Regardless of whether your school is going back for in person learning or continuing with distance learning, you’re going to need some resources, right? There are some fantastic dollar deals on Teachers Pay Teachers TODAY and TOMORROW that you will definitely want to check out. I have listed both math and language arts materials to help you prepare for the beginning of the new school year.
You might need some posters for even and odd, prime and composite numbers for walls, notebooks, and Google Classroom. I hope you’ll check mine out.
Perhaps you need some graphic organizers for reading. This set includes printable and digital versions. The printable versions are available in both black and white AND color. These are really versatile. Students can use these with any book. My students love using graphic organizers and using them on a consistent basis in the classroom impacts student learning in a positive way.
Comparing and ordering fractions and decimals is challenging for students. I have lessons and materials to make it fun and engaging. The lessons are easy to differentiate because the teacher can decide which students need more of a challenge and which students need less. This is one of my favorite resources and is a best seller because it is perfect for advanced learners and learners who struggle and for everyone in between.
Finally, effectively launching writing workshop at the beginning of the school year can help you nurture enthusiasm for writing rather than moans and groans. I have a whole bundle for launching writing workshop that I recently finished updating, but you can grab these checklists TODAY (7/3/2020) for $!!
I sincerely hope that I can help you set up your classroom for success this year. Please feel free to leave a comment or ask a question.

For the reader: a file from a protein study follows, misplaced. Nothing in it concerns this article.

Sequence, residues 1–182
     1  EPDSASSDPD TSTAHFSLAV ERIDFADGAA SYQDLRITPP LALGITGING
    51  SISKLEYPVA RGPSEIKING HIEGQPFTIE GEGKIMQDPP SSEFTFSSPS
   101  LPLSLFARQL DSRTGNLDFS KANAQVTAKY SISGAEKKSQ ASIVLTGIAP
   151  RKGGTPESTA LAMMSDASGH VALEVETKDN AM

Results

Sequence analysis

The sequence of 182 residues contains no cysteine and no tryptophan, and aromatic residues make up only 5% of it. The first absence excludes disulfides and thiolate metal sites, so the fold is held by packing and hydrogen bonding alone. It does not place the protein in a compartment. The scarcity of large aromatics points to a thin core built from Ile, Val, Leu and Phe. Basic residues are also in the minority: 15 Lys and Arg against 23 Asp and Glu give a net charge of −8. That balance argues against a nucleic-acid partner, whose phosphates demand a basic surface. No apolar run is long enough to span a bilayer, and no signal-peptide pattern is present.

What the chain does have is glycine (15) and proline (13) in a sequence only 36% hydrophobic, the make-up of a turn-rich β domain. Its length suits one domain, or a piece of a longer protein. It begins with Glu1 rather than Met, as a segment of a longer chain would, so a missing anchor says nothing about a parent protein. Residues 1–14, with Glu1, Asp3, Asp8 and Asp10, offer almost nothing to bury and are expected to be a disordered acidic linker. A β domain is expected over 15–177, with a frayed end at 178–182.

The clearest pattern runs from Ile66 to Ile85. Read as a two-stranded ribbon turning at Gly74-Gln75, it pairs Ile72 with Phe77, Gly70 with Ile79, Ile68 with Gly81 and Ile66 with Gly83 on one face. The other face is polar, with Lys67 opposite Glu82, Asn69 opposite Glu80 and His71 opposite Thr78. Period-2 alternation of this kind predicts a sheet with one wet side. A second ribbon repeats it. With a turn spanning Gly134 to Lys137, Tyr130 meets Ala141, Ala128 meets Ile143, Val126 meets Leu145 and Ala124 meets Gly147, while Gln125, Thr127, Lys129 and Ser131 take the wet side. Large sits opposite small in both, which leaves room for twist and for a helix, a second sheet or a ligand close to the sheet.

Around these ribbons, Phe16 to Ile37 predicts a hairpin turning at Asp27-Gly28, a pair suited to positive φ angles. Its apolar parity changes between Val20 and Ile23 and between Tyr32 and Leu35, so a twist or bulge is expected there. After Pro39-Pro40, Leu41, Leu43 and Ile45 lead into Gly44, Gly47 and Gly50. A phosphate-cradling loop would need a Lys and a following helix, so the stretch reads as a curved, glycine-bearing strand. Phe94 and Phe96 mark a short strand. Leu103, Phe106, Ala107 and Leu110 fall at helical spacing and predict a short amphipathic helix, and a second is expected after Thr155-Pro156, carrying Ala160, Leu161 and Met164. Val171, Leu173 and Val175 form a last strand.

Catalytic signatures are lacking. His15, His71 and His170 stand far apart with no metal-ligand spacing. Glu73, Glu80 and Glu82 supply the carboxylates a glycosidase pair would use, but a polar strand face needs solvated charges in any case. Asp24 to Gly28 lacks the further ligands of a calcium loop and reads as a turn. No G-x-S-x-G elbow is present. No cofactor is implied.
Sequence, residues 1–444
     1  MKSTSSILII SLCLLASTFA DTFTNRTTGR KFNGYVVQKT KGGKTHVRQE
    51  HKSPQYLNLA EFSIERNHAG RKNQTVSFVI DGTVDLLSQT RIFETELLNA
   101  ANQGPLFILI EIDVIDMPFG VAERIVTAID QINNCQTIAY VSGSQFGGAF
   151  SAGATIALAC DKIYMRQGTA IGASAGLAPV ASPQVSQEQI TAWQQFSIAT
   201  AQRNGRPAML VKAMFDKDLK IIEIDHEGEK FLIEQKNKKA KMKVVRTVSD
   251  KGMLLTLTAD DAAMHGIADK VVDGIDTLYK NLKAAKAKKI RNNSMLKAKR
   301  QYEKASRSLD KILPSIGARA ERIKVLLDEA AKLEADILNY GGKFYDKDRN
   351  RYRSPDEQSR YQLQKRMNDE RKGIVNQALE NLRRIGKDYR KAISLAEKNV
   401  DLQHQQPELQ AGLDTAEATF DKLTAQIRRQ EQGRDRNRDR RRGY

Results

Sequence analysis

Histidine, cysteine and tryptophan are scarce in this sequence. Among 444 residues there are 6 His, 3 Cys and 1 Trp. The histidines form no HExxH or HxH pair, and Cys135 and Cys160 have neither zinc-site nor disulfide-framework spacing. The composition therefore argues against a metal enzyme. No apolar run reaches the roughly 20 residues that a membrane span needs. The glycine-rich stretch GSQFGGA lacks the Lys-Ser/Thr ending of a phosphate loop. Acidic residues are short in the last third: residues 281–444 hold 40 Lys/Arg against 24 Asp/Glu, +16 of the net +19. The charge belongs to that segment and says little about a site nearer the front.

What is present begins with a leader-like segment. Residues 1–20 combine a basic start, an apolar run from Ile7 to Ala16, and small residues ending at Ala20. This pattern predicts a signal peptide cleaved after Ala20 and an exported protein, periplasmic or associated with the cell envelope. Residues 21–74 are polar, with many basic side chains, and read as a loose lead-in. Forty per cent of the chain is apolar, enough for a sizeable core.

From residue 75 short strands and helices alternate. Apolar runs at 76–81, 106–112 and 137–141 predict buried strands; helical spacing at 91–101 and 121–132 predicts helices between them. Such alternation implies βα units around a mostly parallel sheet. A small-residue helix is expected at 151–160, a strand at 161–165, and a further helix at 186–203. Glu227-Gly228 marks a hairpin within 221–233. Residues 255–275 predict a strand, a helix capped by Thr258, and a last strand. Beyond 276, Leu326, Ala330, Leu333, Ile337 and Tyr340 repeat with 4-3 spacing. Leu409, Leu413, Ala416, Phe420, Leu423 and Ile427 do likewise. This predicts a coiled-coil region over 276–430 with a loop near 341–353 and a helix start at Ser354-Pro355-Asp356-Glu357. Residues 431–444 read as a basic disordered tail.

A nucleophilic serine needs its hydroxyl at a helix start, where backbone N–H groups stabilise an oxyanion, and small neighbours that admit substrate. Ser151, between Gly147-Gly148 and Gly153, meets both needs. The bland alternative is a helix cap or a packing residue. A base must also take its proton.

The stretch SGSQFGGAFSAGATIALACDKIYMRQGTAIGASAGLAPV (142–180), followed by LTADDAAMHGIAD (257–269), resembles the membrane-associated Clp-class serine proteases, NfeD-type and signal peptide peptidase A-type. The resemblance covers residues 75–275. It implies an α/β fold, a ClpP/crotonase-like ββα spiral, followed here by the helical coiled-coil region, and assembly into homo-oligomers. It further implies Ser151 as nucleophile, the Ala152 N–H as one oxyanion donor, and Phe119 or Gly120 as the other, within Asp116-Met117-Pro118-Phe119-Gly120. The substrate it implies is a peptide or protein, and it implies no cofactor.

The days, weeks, and months since March 12th (give or take a few days or even weeks) have been a whirlwind. I don’t know about you, but I have learned so much. I’ve definitely learned how to keep a mini lesson mini and not ramble on. I’ve also worked really hard to develop lessons that engage students in independent and collaborative ways.
Using Google Classroom isn’t new at this point. Even reluctant, non tech savvy teachers found themselves setting up Google Classrooms. What might be somewhat unique is developing both synchronous and asynchronous lessons that really support students. One strategy I used was embedding videos into Google slides, Google forms, and BOOM Learning quizzes. Videos are (obviously) not a substitute for teacher read alouds and mini lessons; however, creating lessons with embedded videos helped me set up a learning environment that was more like a flipped classroom.
These Poetry Analysis Quizzes are so much more than just quizzes. The two Google forms include the public domain poems, definitions of terms, some background information, and questions about vocabulary, author’s purpose, and more. The lower level versions have only multiple choice questions, but the higher level versions include both multiple choice and short constructed response questions. My students absolutely loved them.
If you’ve been following me for any length of time, you know how much I love narrative nonfiction. One of the reasons I love it is because it features stories about real people. My students love that. This set of lessons is different than others I have created because they include embedded videos of the read alouds and more scaffolding to help students be successful. They also include Google slides for synchronous sessions where students can work in breakout groups to discuss author’s purpose, character traits, making text connections, discussing their passions, and thinking about how people can save the earth. Between the synchronous and asynchronous lessons, my class spent two weeks on these lessons and had some terrific discussions. In addition to digital components, the resource includes both black and white and color printables because I know many schools sent packets home with students and that we will be back in our classrooms at some point.